Let’s examine two hypothetical students’ study habits.
The first student, Frank, goes through his notes from History class. His notes read as a perfect transcript of his teacher’s presentation. His study method is to re-read, and copy his notes over and over. Frank believes that the more repetitions of this process he goes through, the more he will learn the material. In the background, Frank is maintaining a lighthearted conversation with a friend from school, and he stops occasionally for a quick check of his social media feeds. First Instagram, then Snapchat, then TikTok, and then Twitter. Frank studies like this for 90 minutes.
The second student, Jimmy, goes through his notes from class. His notes are not a perfect transcript of the teacher‘s presentation. Instead, he has devised a system where he listens intently and then distills the presentation into a few big important questions, which he will reference later. When Jimmy gets home to study, he puts his phone away in the kitchen, closes his laptop, and opens his study materials. First he opens his notepad and finds the list of important questions. With that list, the first thing he does is to attempt to recall what the teacher said in the presentation. He forces himself to put at least something down as an answer for each of the big questions. When finished, he skims the textbook and fills in the gaps in his answers. Once he has found the gaps in his memory, he takes a five minute break to play with the dog or fix up his room. When the break is over, he repeats the same process on a fresh page. Jimmy Studies like this for 90 minutes. Both students studied for 90 minutes. Come exam time, who does better in the class? If both students maintain these study habits, who gets entry into the better schools? After that, better jobs?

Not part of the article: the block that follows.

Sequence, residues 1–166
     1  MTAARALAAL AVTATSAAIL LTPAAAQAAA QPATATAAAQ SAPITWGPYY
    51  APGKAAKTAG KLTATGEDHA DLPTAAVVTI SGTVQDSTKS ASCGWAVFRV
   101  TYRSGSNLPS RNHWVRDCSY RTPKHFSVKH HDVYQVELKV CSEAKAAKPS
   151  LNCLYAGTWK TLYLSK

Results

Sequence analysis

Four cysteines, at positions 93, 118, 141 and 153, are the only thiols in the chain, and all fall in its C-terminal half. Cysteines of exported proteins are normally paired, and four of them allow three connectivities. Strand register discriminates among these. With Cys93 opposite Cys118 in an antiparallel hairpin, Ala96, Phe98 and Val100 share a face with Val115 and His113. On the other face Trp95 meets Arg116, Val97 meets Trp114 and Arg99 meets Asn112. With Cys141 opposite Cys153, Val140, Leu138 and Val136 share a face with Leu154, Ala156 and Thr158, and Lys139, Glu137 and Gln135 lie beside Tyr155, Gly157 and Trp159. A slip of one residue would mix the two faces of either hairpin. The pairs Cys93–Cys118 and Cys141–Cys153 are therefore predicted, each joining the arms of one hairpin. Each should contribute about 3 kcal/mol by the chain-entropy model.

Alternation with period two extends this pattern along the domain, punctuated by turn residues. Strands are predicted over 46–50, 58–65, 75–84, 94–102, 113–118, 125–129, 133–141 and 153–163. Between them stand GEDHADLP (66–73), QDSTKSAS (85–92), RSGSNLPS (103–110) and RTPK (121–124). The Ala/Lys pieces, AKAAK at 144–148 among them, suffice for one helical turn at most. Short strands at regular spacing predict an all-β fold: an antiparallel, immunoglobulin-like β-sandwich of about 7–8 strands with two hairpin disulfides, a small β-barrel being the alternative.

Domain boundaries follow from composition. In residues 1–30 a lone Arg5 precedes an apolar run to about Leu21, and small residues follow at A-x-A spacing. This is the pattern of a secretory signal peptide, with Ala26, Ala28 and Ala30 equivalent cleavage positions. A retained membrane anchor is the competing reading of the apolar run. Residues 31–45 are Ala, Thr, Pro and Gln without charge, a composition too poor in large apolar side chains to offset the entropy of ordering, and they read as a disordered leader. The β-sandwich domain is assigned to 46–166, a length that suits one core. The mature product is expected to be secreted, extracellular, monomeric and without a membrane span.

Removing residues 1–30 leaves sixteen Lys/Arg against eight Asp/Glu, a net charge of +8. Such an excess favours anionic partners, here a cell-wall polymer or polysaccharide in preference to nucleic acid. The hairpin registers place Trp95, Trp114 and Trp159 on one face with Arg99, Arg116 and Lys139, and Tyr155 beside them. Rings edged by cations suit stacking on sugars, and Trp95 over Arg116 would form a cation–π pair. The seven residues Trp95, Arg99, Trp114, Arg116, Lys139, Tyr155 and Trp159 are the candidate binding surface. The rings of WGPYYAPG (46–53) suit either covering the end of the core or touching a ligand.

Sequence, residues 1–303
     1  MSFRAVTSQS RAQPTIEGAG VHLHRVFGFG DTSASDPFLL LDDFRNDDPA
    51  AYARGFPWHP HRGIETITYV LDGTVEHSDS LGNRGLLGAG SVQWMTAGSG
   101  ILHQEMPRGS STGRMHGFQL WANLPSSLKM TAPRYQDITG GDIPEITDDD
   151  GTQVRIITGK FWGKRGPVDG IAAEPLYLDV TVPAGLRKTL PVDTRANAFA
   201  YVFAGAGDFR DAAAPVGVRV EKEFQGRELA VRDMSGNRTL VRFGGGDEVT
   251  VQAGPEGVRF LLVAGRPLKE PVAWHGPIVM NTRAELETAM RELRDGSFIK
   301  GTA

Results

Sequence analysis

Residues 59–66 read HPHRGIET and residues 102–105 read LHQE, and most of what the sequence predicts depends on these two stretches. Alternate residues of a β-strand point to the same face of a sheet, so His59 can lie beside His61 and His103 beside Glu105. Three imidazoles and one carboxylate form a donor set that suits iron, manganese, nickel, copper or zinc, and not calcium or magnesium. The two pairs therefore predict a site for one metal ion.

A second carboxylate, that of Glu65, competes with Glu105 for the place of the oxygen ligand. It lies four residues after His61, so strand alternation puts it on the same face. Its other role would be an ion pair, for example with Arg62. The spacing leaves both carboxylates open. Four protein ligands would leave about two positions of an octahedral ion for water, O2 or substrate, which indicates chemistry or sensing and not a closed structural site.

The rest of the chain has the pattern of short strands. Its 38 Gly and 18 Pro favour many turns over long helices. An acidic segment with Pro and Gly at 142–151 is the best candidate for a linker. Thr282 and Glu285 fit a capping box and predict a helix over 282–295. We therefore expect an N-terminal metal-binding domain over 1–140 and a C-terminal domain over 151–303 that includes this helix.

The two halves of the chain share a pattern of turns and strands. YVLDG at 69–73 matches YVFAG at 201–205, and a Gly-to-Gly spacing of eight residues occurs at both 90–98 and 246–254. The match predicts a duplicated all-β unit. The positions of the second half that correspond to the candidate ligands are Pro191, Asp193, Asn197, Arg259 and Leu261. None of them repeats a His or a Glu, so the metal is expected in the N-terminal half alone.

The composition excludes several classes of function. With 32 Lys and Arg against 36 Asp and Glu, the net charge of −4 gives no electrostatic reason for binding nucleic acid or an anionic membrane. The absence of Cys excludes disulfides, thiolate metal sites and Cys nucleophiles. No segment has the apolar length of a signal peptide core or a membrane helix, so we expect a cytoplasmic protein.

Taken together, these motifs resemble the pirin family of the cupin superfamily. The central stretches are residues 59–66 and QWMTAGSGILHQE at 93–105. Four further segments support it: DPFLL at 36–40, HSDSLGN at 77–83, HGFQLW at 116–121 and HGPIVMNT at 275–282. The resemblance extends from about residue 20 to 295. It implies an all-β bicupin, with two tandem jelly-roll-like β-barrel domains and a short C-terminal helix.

Jimmy does. This example could easily be a description not of students in highschool, but students on my lesson schedule. Students study to encode information into their brains. There are effective and ineffective ways to do this, and there is a lot of quality scientific research that backs this up. Silly phrases like ‘muscle memory’ and ‘doing the reps’ distort the fact that in sport we are also trying to encode information into your brain. The information this time is a motor program, rather than a set of facts.
If golfers spent more energy creating practices that looked more like Jimmy’s and less like Franks, they would be able to improve much faster. When I look at the range and see juniors checking their phones every 5 minutes and the adults chatting with the person next to them on the range I cringe. I cringe harder if they are my students. I really hate when I catch myself doing this, as I don’t have unlimited time to work on my game anymore. I know better. When I was 13 Malcolm Gladwell‘s book Outliers stoked my curiosity about how people become experts. I started to read more and more books about learning. They was fascinating and intensely relevant to me. I had recently started playing golf and I was determined to get as good as possible. I also started playing relatively late (13 years old). I had to figure out how to get good fast, and becoming an effective learner seemed like the smart way to do that. I committed to creating golf practice that fit with all I was learning about learning. By the time I was 18 I was one of the Top junior golfers in Canada and had won the Ontario Junior Boys Championship.
I got good fast by practicing like Jimmy, and not Frank.
In next week’s blog post, I will examine the core differences between Jimmy and Frank’s study routines, and then make some suggestions on how you can be a better golf learner.